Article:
Geira wrote The Finns (and before them, the lapps) have inhabited the region since the 6th century (Britannica 1910), and was only invaded and subdued by the Swedish King Eric IX in 1157. This theory is outdated and wrong. According to almost any present archaelogist or other new source about the subject the linquistic ancestors of Finns have been living in Finland and also in some areas that are now Sweden, since the ice age more than 10 000 years ago. Germanic language is quite a new in Scandinvia compared to that. Germanic languages are called scandinavian languages, but that is only a linquistic term. Actually in Scandinavia fenno-ugric is a lot older form of a language. Linquistic term "scandinavian language" is not a reason to count something out or in Scandinavia, there is also history and pre-history that makes Scandinavia. As a Finn i can lighten this about how we use the term in Finland. In Finnish language scandinavia means other nordic countries, but this is only about Finnish and maybe in Swedish and some other Nordic languages. But maybe it is not so in English or German and other big languages. I have heard many times non-scandinavian foreigners to speak about Finland as a part of Scandinavia. In linguistic terms i am not a "Scandivian speaker", but still, i speak a language that is originally from Scandinavia, I look Scandinavian (if Lapps are excluded), and geographically belong to scandinavia rather than baltic region, if these are the options Tuohirulla 13:24, 13 January 2006 (UTC)

Roman and greek historians recognized the fact that there were "Fenni" or "Phinnoi" living in almost all parts of Scandinavia (Tacitus ca 100AD, Ptolemy ca 150AD) and this is also indicated in the oldest maps that can be found over the region. The terms "skridifinn" , "skidifinn" and "skrifinn" (skiing finns) are also found. According to Jordane (ca 550AD), the "island Scandza" was inhabited by several tribes, as he mentions Scerefennae (skiing Finns, wandering Finns), Suehans, Theustes, Vagoth, Bergio, Hallin, Liothida, Ahemil, Finnaithae (Finns of the heath, Finns of the plains), Fervir, Gauthigoth, Evagre, Ottingis, Ostrogothae, Raumariciae, Finni mitissimi (gentle Finns), Suetidi, Heruli and others. If the origin of Scandinavia is derived from the "island Scandza" and finnic tribes are mentioned among one of the first inhabitants, if not the first, I don't see any grounds for excluding Finland from Scandinavia based on false claims, that the finnic ties to Scandinavia are merely a few hundred years old. Here's a link to one of the earliest know cultures in Scandinavia [24]. You might want to notice, that the team studying the findings in 2004, consisted of norwegian, swedish and finnish scholars from the universities of Helsinki (Fin), Oulu (Fin), Uppsala (Swe), Tromsø (Nor), and Oslo (Nor). All the references are mentioned in the bottom of the page. Being provocative, one could say, that the swedish and norwegian ties to Scandinavia could be interpreted as being only around 1500 yrs old :) - Prefixcaz 17:48, 13 January 2006 (UTC)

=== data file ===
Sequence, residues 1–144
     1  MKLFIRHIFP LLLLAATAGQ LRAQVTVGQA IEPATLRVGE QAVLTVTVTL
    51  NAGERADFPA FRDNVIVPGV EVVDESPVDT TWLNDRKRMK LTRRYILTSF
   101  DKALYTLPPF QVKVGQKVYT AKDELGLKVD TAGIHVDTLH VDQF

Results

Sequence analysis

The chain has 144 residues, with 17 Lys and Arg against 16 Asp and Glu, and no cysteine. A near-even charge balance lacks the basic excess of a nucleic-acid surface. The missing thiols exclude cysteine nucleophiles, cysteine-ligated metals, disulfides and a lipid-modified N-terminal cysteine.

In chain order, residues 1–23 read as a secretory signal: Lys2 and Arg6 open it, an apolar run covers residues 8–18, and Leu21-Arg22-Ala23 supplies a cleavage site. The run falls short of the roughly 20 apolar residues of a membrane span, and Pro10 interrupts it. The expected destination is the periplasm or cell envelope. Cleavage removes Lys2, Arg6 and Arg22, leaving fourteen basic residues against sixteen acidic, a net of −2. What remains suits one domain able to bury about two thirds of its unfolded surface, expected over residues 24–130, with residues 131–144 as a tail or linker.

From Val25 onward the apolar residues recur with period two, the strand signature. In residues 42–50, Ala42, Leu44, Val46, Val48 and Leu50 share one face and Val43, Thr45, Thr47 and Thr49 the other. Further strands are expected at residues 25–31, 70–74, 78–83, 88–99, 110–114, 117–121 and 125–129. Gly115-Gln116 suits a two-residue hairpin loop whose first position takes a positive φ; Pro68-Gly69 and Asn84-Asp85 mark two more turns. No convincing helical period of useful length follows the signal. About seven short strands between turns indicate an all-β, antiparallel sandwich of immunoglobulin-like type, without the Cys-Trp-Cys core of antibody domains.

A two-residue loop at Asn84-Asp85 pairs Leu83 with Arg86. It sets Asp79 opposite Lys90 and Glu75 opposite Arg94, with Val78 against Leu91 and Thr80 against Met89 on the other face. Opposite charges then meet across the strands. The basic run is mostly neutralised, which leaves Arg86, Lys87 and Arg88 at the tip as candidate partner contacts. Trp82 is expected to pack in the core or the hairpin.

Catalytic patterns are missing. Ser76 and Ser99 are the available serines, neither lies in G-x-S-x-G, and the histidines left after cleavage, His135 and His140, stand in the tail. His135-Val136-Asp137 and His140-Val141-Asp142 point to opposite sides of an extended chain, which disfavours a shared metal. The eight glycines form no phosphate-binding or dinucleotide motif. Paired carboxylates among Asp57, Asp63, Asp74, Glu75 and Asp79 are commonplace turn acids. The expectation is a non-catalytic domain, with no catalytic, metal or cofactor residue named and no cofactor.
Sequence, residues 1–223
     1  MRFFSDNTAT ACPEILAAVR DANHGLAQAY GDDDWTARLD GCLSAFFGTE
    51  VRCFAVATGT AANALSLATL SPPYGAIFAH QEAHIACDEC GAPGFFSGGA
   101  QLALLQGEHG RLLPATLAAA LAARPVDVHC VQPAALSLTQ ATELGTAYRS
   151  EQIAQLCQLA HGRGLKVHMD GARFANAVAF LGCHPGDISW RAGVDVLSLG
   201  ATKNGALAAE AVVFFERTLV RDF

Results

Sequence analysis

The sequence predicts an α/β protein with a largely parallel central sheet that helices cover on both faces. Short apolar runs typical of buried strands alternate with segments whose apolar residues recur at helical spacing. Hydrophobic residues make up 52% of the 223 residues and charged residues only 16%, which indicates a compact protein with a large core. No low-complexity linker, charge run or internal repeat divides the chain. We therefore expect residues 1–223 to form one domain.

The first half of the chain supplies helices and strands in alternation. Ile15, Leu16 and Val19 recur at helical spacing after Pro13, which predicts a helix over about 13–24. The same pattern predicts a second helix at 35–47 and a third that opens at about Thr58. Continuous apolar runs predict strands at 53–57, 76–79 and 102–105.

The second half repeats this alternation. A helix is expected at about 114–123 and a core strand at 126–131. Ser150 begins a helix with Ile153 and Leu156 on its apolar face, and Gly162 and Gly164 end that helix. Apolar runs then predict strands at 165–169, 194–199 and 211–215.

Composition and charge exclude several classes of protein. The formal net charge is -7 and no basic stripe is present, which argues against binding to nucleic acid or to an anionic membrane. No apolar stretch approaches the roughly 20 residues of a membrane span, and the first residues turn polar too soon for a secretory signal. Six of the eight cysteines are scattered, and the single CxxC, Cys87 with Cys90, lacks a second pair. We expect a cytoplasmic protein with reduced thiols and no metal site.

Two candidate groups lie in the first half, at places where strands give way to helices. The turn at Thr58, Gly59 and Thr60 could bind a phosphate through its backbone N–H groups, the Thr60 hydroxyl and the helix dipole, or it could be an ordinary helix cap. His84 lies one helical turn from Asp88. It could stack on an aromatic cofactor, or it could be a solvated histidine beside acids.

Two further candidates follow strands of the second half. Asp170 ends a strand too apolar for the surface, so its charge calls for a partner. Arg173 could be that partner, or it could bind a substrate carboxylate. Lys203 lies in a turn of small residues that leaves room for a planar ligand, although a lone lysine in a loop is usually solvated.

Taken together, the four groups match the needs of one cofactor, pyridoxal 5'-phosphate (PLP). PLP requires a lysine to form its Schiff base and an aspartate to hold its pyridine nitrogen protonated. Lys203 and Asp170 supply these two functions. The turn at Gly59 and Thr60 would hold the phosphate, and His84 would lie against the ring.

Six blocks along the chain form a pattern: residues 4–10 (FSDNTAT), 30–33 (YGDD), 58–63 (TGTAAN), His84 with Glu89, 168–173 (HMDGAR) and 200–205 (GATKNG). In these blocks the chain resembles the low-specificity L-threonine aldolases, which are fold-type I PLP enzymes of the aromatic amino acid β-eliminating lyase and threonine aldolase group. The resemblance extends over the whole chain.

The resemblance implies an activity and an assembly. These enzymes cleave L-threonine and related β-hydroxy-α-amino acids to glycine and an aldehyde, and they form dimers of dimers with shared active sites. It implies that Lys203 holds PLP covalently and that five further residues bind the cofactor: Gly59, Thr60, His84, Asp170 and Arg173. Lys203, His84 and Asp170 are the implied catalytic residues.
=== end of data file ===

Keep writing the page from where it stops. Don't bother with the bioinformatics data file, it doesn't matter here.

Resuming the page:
The only problem being, of course, is that Wikipedia tends toward being a descriptive resource rather than a prescriptive one. It is a nice idea to consider Finland to be part of Scandinavia, but a lot of Finns educated in the universities of Finland during the latter half of the 20th century might have a few issues with such a blanket generalisation as being considered 'Scandinavian' (nationalistic trends have been increasing according to some evidence). Even a shallow understanding of the socio-political (and the linguistic for that matter) interactions between the respective governments of Sweden and Finland, and the relations of their peoples, over the course of the past three centuries would incline me to consider carefully whether we should describe the Finns *en masse* as being Scandinavians. It reminds me somewhat of the tendency to consider Scots, Welsh, and Cornish folk as being somehow 'British'- there are arguments for and against the term in that usage, and one should be careful how one applies it so that it is precisely used.
Just a few thoughts. For myself, when I think 'Scandinavia', I include Finland, Iceland, the Faroes, Orkney, and a few other places in addition to that big peninsula looming over Europe- but I look at it from being generally familiar with a few thousand years of history for that region and its peoples rather than considering it for what it is at this time- which is a bit different in being a subset of that large span of time. My POV is technically inaccurate as far as an encyclopaedia is concerned, and that is why I am trying to avoid this discussion- I might get yelled at a bit by the 'Denmark-Sweden-Norway-only' adherents, and I would not blame them for doing so. ;)